x x 1 x
lim xe  lim  x  lim  x  lim (  e )
x   x   e x    e x  
0
 Thus, the x-axis is a horizontal asymptote.
62. GUIDELINES Example 3
E. f’(x) = xex + ex = (x + 1) ex
As ex is always positive, we see that f’(x) > 0
when x + 1 > 0, and f’(x) < 0 when x + 1 < 0.
So, f is:
 Increasing on (-1, ∞)
 Decreasing on (-∞, -1)
63. GUIDELINES Example 3
F. Since f’(-1) = 0 and f’ changes
from negative to positive at x = -1,
f(-1) = -e-1 is a local (and absolute)
64. GUIDELINES Example 3
G. f’’(x) = (x + 1)ex + ex = (x + 2)ex
 f”(x) = 0 if x > -2 and f’’(x) < 0 if x < -2.
 So, f is concave upward on (-2, ∞) and concave
downward on (-∞, -2).
 The inflection point is (-2, -2e-2)
65. GUIDELINES Example 3
H. We use this
information to sketch
the curve.
66. GUIDELINES Example 4
Sketch the graph of:
cos x
f ( x) 
2  sin x
67. GUIDELINES Example 4
A. The domain is 
B. The y-intercept is f(0) = ½.
The x-intercepts occur when cos x =0,
that is, x = (2n + 1)π/2, where n is an integer.
68. GUIDELINES Example 4
C. f is neither even nor odd.
 However, f(x + 2π) = f(x) for all x.
 Thus, f is periodic and has period 2π.
 So, in what follows, we need to consider only 0 ≤ x ≤ 2π
and then extend the curve by translation in part H.
D. Asymptotes: None
69. GUIDELINES Example 4
E. f '( x)  (2  sin x )(  sin x )  cos x (cos x )
2
(2  sin x)
2sin x  1
 2
(2  sin x)
Thus, f’(x) > 0 when 2 sin x + 1 < 0 
sin x < -½  7π/6 < x < 11π/6
70. GUIDELINES Example 4
Thus, f is:
 Increasing on (7π/6, 11π/6)
 Decreasing on (0, 7π/6) and (11π/6, 2π)
71. GUIDELINES Example 4
F. From part E and the First Derivative
Test, we see that:
 The local minimum value is f(7π/6) = -1/ 3
 The local maximum value is f(11π/6) = -1/ 3
72. GUIDELINES Example 4
G. If we use the Quotient Rule again
and simplify, we get: 2 cos x(1  sin x)
f ''( x)  3
(2  sin x)
(2 + sin x)3 > 0 and 1 – sin x ≥ 0 for all x.
So, we know that f’’(x) > 0 when cos x < 0,
that is, π/2 < x < 3π/2.
73. GUIDELINES Example 4
Thus, f is concave upward on (π/2, 3π/2)
and concave downward on (0, π/2) and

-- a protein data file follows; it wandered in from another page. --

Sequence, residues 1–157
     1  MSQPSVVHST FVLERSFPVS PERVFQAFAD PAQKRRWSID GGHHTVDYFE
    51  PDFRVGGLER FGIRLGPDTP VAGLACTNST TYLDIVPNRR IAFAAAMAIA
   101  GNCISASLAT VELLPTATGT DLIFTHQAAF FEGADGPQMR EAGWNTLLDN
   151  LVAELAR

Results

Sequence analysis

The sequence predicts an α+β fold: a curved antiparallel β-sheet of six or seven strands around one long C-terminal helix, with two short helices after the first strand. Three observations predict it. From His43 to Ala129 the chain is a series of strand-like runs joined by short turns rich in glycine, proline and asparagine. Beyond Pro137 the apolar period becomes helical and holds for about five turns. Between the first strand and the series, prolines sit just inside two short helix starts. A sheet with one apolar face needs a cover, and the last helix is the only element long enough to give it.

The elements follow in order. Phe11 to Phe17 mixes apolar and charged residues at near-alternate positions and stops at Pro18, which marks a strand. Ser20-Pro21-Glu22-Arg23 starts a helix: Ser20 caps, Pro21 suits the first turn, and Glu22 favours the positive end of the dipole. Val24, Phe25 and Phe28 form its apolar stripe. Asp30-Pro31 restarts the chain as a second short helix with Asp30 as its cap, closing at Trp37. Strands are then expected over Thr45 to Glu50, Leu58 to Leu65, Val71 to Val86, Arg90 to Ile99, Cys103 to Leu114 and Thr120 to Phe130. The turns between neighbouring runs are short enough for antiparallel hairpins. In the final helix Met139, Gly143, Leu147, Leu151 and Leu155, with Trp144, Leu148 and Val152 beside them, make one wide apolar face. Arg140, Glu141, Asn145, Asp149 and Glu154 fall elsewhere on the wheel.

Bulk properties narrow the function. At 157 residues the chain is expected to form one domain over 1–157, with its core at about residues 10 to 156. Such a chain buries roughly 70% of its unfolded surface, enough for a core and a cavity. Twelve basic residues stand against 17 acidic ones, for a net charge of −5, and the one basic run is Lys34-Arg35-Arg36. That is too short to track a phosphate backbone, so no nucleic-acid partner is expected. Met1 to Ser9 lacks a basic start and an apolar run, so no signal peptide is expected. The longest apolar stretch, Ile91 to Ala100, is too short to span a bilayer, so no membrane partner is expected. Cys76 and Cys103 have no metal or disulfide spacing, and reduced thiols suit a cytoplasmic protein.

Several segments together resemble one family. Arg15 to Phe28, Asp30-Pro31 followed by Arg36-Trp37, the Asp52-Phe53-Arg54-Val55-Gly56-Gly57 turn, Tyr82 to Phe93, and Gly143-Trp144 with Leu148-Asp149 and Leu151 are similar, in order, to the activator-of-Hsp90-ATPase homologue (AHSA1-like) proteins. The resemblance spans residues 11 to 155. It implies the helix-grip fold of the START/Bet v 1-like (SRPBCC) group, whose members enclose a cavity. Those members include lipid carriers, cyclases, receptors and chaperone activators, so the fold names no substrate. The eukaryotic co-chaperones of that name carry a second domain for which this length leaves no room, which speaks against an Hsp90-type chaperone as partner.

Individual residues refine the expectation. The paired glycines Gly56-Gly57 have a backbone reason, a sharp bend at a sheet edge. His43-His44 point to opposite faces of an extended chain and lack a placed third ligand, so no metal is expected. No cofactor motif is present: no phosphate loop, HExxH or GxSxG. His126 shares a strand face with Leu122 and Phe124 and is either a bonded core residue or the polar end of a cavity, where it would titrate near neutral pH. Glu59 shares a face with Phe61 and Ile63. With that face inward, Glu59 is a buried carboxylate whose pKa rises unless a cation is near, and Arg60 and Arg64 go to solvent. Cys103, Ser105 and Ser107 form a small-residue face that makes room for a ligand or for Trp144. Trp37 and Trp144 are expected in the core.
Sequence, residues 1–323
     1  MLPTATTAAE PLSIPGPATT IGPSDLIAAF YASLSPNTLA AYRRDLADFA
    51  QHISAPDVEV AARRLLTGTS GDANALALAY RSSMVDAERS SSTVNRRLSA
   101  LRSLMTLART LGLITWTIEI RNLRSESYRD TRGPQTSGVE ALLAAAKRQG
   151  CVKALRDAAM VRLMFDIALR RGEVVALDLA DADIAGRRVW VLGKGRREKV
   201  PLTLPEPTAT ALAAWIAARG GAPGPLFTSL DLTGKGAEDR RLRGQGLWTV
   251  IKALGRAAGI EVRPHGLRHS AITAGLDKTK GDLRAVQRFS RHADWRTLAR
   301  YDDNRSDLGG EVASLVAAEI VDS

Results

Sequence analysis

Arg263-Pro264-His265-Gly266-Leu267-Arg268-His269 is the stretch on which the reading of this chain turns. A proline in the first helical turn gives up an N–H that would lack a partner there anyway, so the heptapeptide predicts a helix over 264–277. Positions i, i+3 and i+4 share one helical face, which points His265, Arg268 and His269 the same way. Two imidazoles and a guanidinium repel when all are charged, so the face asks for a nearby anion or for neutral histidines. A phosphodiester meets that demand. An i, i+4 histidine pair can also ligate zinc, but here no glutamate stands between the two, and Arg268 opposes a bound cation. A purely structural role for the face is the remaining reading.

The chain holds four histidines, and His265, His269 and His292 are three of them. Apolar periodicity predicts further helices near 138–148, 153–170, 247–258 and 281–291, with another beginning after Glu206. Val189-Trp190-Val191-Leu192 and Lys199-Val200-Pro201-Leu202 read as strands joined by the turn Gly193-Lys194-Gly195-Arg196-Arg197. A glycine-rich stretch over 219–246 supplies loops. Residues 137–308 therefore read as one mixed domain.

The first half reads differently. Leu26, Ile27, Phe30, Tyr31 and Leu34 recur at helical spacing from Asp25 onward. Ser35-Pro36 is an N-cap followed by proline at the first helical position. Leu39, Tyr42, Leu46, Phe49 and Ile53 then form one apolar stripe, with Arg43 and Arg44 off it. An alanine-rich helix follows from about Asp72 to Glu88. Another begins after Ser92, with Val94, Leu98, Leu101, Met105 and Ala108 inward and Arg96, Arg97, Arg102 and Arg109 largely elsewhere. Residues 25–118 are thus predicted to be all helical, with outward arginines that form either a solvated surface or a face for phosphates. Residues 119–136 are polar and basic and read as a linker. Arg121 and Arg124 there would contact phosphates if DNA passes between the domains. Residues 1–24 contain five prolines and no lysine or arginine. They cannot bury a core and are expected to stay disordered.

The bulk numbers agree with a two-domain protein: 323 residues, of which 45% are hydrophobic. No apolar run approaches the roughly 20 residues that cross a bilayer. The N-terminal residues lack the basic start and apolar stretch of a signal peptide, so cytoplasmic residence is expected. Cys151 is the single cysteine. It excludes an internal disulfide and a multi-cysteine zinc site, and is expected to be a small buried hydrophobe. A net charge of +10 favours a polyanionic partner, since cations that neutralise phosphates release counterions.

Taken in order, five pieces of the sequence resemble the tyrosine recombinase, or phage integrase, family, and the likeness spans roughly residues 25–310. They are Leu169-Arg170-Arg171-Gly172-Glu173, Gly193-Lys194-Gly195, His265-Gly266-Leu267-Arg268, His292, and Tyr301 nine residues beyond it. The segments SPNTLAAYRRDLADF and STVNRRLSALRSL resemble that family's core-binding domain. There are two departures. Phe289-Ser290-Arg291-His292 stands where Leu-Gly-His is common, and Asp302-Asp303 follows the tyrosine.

(3π/2, 2π).
The inflection points are (π/2, 0) and
(3π/2, 0).
74. GUIDELINES Example 4
H. The graph of the
function restricted
to 0 ≤ x ≤ 2π is shown
75. GUIDELINES Example 4
Then, we extend it,
using periodicity,
to the complete graph
76. GUIDELINES Example 5
Sketch the graph of:
y = ln(4 - x2)
77. GUIDELINES Example 5
A. The domain is:
{x | 4 − x2 > 0} = {x | x2 < 4}
= {x | |x| < 2}
= (−2, 2)
78. GUIDELINES Example 5
B. The y-intercept is: f(0) = ln 4
To find the x-intercept, we set:
y = ln(4 – x2) = 0
 We know that ln 1 = 0.
 So, we have 4 – x2 = 1  x2 = 3
 Therefore, the x-intercepts are:  3
79. GUIDELINES Example 5
C. f(-x) = f(x)
 f is even.
 The curve is symmetric about the y-axis.
80. GUIDELINES Example 5
D. We look for vertical asymptotes
at the endpoints of the domain.
 Since 4 − x2 → 0+ as x → 2- and as x → 2+,
we have:
lim ln(4  x 2 )   lim ln(4  x 2 )  
x 2 x  2
 Thus, the lines x = 2 and x = -2
are vertical asymptotes.
81. GUIDELINES Example 5
 2x
E. f '( x )  2
4 x
f’(x) > 0 when -2 < x < 0 and f’(x) < 0 when
0 < x < 2.
So, f is:
 Increasing on (-2, 0)
 Decreasing on (0, 2)
82. GUIDELINES Example 5
F. The only critical number is x = 0.
As f’ changes from positive to negative at 0,
f(0) = ln 4 is a local maximum by the First
Derivative Test.
83. GUIDELINES Example 5
2 2
G. f ''( x)  (4  x )( 2)  2 x(  2 x)   8  2 x
2 2 2 2
(4  x ) (4  x )
Since f”(x) < 0 for all x, the curve is
concave downward on (-2, 2) and has
no inflection point.
84. GUIDELINES Example 5
H. Using this
information, we
the curve.
85. SLANT ASYMPTOTES
Some curves have asymptotes that
are oblique—that is, neither horizontal
nor vertical.
86. SLANT ASYMPTOTES
If lim[ f ( x)  ( mx  b)] 0
x 
, then the line
y = mx + b is called a
slant asymptote.
 This is because
the vertical distance
between the curve
y = f(x) and the line
y = mx + b approaches 0.
 A similar situation exists
if we let x → -∞.
87. SLANT ASYMPTOTES
For rational functions, slant asymptotes occur
when the degree of the numerator is one more
than the degree of the denominator.
 In such a case, the equation of the slant
asymptote can be found by long division—
as in following example.
88. SLANT ASYMPTOTES Example 6
Sketch the graph of:
3
x
f ( x)  2
x 1
89. SLANT ASYMPTOTES Example 6
A. The domain is:  = (-∞, ∞)
B. The x- and y-intercepts are both 0.
C. As f(-x) = -f(x), f is odd and its graph is
90. SLANT ASYMPTOTES Example 6
Since x2 + 1 is never 0, there is no vertical
Since f(x) → ∞ as x → ∞ and f(x) → -∞ as
x → - ∞, there is no horizontal asymptote.
91. SLANT ASYMPTOTES Example 6
However, long division gives:
x3 x
f ( x)  2 x  2
x 1 x 1
1
x x
f ( x)  x  2   0 as x  
x 1 1
1 2
x
 So, the line y = x is a slant asymptote.
92. SLANT ASYMPTOTES Example 6
2 2 3 2 2
E. 3 x ( x  1)  x 2 x x ( x  3)
f '( x)  2 2
 2 2
( x  1) ( x  1)
Since f’(x) > 0 for all x (except 0), f is
increasing on (- ∞, ∞).
93. SLANT ASYMPTOTES Example 6
F. Although f’(0) = 0, f’ does not
change sign at 0.
 So, there is no local maximum or minimum.
94. SLANT ASYMPTOTES Example 6
(4 x 3  6 x)( x 2  1) 2  ( x 4  3 x 2 ) 2( x 2  1)2 x
G. f ''( x) 
( x 2  1) 4
2 x(3  x 2 )
 2 3
( x  1)
 Since f’’(x) = 0 when x = 0 or x = ± 3 ,
we set up the following chart.
95. SLANT ASYMPTOTES Example 6
The points of
inflection are:
3 3
 (− , −¾ )
 (0, 0)
 (
3 3
,¾ )
96. SLANT ASYMPTOTES Example 6
H. The graph of f is